In the annals of workplace mistakes, there is a hierarchy. At one level, there is the failure to make a fresh pot of coffee after finishing off the last carafe. Maybe one level up is when you decide that it’s a good idea to microwave (in the office kitchen at 10am) that leftover fish entrée you had last night. Continuing up the ladder, you have cases like when you ding your boss’ car in the parking lot. But then there those mistakes that are existential ones—slipups that could cost not only your job but also the livelihoods of colleagues and, perhaps, the whole company.
Frankly, we didn’t get into business to save you from microwaving fish. We want to create tools that help professionals from making (or even having to think about) mistakes that could have a huge negative impact. In addition to providing insights into e-security trends, now we have some recent data to share from Gartner Research and also from a poll of legal professionals that outline the top e-security human errors that cause pain for professionals.
The good news is that we have the tools in place to prevent many of these mistakes from ever happening. Seeing as it’s Friday (and many of us still have some last-minute Halloween costumes to work on), we’ll only cover the top two today. If you want to hear about all five, please check out the free Florida Bar CLE credit session where you can learn about all of these in more detail. (Note, if you are a Florida lawyer, you can re-live the session at the above link, which conveniently includes the CLE course number embedded in the session recording.)
Mistake 1: Forgetfulness (dare I say laziness?)
According to Gartner’s October 2021 Market Guide for Email Security, “Email encryption tools have been available for a long time but have only been adopted by about 40% of organizations……The workflow is often very poor, meaning open rates of encrypted emails are historically low.”
The barriers to use email encryption have led to many professionals expressing some serious regrets. According to a poll we conducted in tandem with The Florida Bar, 35% answered ‘yes’ to the question, “After sending an email, have you ever wished you sent it encrypted (securely)?” Seeing as encrypting email is not only a best practice in the legal field but also a requirement in many jurisdictions when the email contains sensitive information, the consequences of not encrypting out of forgetfulness/laziness can be career-threatening.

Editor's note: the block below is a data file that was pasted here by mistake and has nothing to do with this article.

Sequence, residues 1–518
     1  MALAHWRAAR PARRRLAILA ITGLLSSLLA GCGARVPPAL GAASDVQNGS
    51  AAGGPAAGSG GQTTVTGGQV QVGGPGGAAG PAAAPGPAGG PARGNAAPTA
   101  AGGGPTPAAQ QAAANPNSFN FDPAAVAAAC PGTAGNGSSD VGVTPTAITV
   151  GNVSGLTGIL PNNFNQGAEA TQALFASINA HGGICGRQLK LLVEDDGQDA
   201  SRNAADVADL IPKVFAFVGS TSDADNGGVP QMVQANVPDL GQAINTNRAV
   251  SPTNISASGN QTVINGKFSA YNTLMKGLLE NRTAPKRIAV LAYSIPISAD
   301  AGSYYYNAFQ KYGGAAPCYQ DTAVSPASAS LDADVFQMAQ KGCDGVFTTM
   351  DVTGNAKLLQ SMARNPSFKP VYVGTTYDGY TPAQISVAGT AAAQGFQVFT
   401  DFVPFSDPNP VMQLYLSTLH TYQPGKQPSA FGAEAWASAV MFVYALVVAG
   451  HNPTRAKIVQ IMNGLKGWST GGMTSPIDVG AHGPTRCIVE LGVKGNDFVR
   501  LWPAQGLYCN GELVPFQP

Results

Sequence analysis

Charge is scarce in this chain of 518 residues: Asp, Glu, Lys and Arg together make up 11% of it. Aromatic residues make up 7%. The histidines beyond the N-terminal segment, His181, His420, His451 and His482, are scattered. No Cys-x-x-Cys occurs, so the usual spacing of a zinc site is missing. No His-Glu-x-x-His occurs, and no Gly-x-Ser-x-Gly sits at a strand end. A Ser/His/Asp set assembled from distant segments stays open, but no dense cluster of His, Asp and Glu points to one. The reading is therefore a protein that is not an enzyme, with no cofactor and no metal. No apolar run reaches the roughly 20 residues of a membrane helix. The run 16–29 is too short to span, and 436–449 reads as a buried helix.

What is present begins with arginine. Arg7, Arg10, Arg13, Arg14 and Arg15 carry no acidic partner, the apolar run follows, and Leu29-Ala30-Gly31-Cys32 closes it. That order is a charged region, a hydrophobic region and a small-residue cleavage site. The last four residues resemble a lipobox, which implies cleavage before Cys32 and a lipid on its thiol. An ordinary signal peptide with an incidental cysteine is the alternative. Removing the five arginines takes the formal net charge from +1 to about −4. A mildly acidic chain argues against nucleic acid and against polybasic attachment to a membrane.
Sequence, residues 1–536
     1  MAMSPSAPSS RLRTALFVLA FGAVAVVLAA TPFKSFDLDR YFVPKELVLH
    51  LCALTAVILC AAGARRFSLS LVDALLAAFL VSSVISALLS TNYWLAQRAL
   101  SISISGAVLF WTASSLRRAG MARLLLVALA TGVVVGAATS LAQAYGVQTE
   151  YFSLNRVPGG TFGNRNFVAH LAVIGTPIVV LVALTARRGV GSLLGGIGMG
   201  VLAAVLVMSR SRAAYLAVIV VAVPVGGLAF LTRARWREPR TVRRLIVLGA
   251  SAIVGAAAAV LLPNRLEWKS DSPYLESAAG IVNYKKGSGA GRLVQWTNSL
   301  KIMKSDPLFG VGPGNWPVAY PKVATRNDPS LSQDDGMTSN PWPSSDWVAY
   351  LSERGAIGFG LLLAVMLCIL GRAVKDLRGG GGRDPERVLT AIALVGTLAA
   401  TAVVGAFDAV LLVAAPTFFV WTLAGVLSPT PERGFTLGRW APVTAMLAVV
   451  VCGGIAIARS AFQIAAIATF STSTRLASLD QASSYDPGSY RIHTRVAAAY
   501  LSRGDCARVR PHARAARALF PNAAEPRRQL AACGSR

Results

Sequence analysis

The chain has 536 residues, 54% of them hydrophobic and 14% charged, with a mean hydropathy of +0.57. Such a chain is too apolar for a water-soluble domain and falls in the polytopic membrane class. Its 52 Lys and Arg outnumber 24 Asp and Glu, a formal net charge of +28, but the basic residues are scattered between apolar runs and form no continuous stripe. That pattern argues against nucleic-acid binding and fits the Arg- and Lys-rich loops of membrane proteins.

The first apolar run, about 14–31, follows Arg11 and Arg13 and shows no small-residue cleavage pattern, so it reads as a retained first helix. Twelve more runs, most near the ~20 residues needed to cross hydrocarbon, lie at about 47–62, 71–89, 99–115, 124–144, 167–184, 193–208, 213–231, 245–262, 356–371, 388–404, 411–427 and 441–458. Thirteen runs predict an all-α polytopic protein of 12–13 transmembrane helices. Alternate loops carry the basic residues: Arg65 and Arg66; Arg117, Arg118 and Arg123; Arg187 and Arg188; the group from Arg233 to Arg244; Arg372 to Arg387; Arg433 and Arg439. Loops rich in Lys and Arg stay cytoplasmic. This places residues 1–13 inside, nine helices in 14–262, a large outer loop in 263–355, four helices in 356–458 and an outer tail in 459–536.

Fortunately, there’s RMail Recommends™, which provides in-the-moment e-security training that automatically sensitizes users of their need to treat certain messages differently; and encrypting if so. It also auto-adapts to users over time so that you can rest assured that you will be in legal compliance if not simply adhering to professional standards. And, since the RMail email encryption workflow (aka user experience at the recipient) is so elegantly easy, you will have very high open rates (by only the intended recipient!)
Know more: Creating Templates for Contracts
Mistake 2: Mis-Addressing Sensitive Info (“Ugh, those email addresses sure looked the same to me when I sent it!”)
According to that same Gartner study, “Outbound data loss, especially accidental data loss (misdirected emails) is increasingly a concern. Indeed, human error remains the most common reason for email data breaches…Compliance and privacy concerns…can include reputation damage from careless distribution of intellectual property…Solutions that use machine learning to analyze communication patterns…are also being used to detect potentially misdirected emails.”
Who hasn’t done this before? You mean to send your cousin Jimmy a ‘funny’ baby yoda meme, but it winds up going to Jim, the CEO of the major client your company just landed. At least you didn’t send Cousin Jimmy the confidential contract you’ve been working on with CEO Jim. But if you did, well, who knows what Cousin Jimmy is capable of now that he’s in massive debt after buying too much bitcoin? A stunning 65% of respondents in that same poll of legal professionals mentioned earlier answered ‘yes’ to the question, “Have you mis-addressed important email? (Sent to the wrong person accidentally.)” At least you’re not alone, I guess?
One of the solutions for the above issue is to use the new RMail feature, Right Recipient™, which uses predictive technology to provide a second chance for you to visually verify a full email address in an easy-to-see way for those emails that the RMail AI technology determines contain about-to-be-sent sensitive information to a recipient who you have not sent sensitive information to in the recent past – and it learns from your behaviour over time, auto-adapting.
Next week, we’ll cover more of these human errors and how we can help you avoid them—sorry, we won’t be able to help you with your microwave lunch choices. And a quick program note: On Tuesday, October 26, Steve Anderson, the insurance industry’s foremost tech expert, will be discussing these e-security human errors that can cause pain for insurance professionals. Click here to register now.
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